2.3. Protease-Like Activity of FJU-21
The effect of pH, temperature, FJU-21 concentration on the protease-like activity of FJU-21 was investigated. Add BSA solution (15 mM, 10 mL) to FJU-21 by gentle vortex mixing, and the peroxidase-like activity of FJU-21 was measured at pH 9.0, the temperature at 37˚C, 50˚C and 70˚C, and the time from 0 to 80 min. The FJU-21 concentration was 1.2 mM. Take out of 1 mL of reaction mixture periodically at a fixed shaking speed. Buffers used in this experiment were acetate buffer (pH 4.0 - 6.0) and borate buffer (pH 8.0 - 10.0). The effect of pH on catalytic efficiency was investigated by varying the buffer complex to produce different pH at 50˚C. Fresh solutions were used in all tests.
The peptide solution was separated from the solid composite by centrifugation at 10,000 rpm for 10 minutes at 4˚C. Bovine serum protein solutions without added materials were taken as the control group. The degree of cleavage of proteins was measured by SDS-PAGE. The rate of protein cleavage was measured by monitoring the decrease in the intensity of the electrophoretic bands. The kinetic data were collected at various C0 (0 - 1.2 mM) at the optimum pH 9.0 and various temperatures (50˚C, 70˚C).
2.4. Reusability of FJU-21
To evaluate the reusability of FJU-21, the insoluble catalyst has been recycled from the reaction mixture after the catalytic reaction. FJU-21 was reacted with BSA in boric acid buffer for 12 min. After each reaction, it was re-purified by ethanol and centrifuged. The re-purified FJU-21 was used for the next reaction and subjected to SDS-PAGE electrophoresis analysis. The recycling was conducted eleven times. The catalytic activity is not less than 80% compared with the first time, indicating that FJU-21 still maintains high catalytic activity and stability during the reaction.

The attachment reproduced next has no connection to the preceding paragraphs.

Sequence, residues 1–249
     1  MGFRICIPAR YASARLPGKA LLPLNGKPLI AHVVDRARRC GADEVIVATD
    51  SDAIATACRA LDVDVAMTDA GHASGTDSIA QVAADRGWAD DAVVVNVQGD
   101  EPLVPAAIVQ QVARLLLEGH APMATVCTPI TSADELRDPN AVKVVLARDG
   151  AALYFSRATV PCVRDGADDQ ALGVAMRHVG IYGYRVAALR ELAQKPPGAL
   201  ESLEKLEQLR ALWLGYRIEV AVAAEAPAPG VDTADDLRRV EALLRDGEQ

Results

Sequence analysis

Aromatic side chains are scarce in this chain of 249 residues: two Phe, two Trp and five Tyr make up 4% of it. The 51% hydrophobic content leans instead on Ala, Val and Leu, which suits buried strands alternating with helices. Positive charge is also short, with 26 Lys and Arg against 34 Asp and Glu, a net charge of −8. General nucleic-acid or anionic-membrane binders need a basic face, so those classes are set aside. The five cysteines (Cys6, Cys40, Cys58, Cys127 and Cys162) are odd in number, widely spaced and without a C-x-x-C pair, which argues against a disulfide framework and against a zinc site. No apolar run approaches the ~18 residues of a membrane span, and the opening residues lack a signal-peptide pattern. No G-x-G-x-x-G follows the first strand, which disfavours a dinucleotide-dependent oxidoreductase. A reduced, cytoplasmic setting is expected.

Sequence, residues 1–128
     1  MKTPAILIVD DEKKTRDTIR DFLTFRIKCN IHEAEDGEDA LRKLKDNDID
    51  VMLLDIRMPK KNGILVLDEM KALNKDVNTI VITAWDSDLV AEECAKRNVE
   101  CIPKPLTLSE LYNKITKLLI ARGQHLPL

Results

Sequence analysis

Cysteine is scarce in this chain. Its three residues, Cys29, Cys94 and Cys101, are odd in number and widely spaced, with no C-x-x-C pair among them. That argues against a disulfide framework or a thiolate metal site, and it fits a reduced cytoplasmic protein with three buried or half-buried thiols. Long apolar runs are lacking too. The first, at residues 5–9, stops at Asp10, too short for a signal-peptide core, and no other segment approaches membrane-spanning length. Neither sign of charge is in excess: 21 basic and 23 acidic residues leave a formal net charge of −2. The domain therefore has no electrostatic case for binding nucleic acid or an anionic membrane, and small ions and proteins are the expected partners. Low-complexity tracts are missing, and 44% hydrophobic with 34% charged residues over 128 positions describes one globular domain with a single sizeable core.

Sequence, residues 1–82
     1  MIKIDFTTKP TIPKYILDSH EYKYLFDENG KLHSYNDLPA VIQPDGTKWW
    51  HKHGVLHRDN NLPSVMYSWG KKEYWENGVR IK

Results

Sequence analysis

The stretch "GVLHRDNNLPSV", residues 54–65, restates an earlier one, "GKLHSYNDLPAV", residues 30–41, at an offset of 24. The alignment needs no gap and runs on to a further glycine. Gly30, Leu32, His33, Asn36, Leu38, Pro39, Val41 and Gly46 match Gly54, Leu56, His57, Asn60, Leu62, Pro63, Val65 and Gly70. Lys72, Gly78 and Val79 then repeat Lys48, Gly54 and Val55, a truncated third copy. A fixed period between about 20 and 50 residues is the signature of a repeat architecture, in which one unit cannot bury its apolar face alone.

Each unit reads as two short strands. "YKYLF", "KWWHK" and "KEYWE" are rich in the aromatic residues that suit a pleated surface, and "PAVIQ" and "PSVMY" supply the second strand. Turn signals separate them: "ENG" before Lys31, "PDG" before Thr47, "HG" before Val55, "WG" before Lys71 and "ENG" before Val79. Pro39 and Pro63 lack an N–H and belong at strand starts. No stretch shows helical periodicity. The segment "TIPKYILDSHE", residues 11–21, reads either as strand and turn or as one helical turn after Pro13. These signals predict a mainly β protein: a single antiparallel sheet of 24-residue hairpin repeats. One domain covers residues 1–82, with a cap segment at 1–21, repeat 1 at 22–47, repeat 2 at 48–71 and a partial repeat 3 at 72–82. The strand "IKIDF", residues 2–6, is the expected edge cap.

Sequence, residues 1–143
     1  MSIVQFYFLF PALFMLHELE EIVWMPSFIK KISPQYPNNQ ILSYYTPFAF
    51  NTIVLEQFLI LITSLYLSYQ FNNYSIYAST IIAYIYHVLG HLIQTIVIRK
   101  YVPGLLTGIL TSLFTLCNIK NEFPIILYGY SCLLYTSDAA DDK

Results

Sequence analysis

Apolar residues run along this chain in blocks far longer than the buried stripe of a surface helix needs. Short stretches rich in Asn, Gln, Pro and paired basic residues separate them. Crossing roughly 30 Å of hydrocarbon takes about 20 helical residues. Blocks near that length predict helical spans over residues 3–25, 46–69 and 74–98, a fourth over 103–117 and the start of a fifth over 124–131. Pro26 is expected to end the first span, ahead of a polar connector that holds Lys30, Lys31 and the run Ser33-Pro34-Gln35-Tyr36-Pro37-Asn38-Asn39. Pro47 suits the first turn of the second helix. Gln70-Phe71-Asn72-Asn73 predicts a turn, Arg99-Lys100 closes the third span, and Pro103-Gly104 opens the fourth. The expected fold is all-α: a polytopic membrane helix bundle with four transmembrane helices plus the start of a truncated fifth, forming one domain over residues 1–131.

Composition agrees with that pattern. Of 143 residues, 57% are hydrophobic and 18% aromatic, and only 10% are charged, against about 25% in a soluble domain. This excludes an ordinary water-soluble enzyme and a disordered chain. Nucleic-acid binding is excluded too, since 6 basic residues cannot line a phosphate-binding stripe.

3. Results and Discussion
3.1. The Characterization of FJU-21
The X-ray diffraction (XRD) pattern of the as-synthesized FJU-21 is shown in Figure 1(a). The diffraction peaks all corresponded to the products synthesized in the literature . The adsorption?desorption isotherms of FJU-21 (Figure 1(b)) are of typeⅣ, the BET specific surface area of FJU-21 is 341 m2/g, the pore volume was 0.1 cm3・g−1 and the average pore size was 3.19 nm. All of the results mentioned above confirmed that FJU-21 was successfully synthesized.
3.2. Protease-Like Activity of FJU-21
The protease-like activity of FJU-21 was measured while varying the pH from 6.5 to 9.0, the temperature from 37˚C to 70˚C using BSA as a substrate. While the buffer solution containing a protein substrate (15 μM) was shaken with FJU-21, the protein disappeared was observed by sodium dodecyl sulfate polyacrylamide gel electrophoresis (SDS-PAGE)  . When the temperature is 37˚C, hydrolysis was very weak and the intensities of BSA bands reduced slowly within 80 min, which means the catalytic activity of FJU-21was very low at 37˚C. When the temperature was raised from 37˚C to 70˚C, the intensities of BSA bands reduced and a myriad of fragments appeared after 12 min, resulting in a significant loss in intensity of the BSA band and a concomitant smear on the SDS-PAGE gel. The band of BSA disappeared after 12 min, which revealed the enhancement of the digestion activity at 70˚C (Figure 2). Nevertheless, FJU-21 acted as the digestion enzyme and cleaved BSA. Temperature and pH values are key factors influencing the digestion results. We found that pH 9.0 was suitable for the reaction (Figure 3).
The proteolytic activity of FJU-21 was further examined by kinetic measurements. Within the range of the FJU-21concentrations considered, typical
Figure 1. (a) XRD patterns of FJU-21. (b) N2 adsorption/desorption isotherm pore distribution of FJU-21.
Figure 2. Results of SDS-PAGE performed on BSA (15 μM) incubated with and FJU-21 in boric acid buffer (pH 9.0). M: Mark. C: control groups (BSA incubated with boric acid buffer). (a) BSA (15 μM) incubated with FJU-21 (1.2 mM) for 0, 10, 20, 30, 40, 50, 60, 70, 80 min at 37˚C. (b) BSA (15 μM) incubated with FJU-21 (1.2 mM) for 5, 10, 15, 20, 25, 30 min at 50˚C. (c) BSA (15 μM) incubated with FJU-21 (1.2 mM) for 2, 4, 6, 8, 10, 12 min at 70˚C. Peptide solution was separated from the solid FJU-21 by centrifugation (10,000 rpm, 10 min). The results were measured by sodium dodecyl sulfate polyacrylamide gel electrophoresis (SDS-PAGE).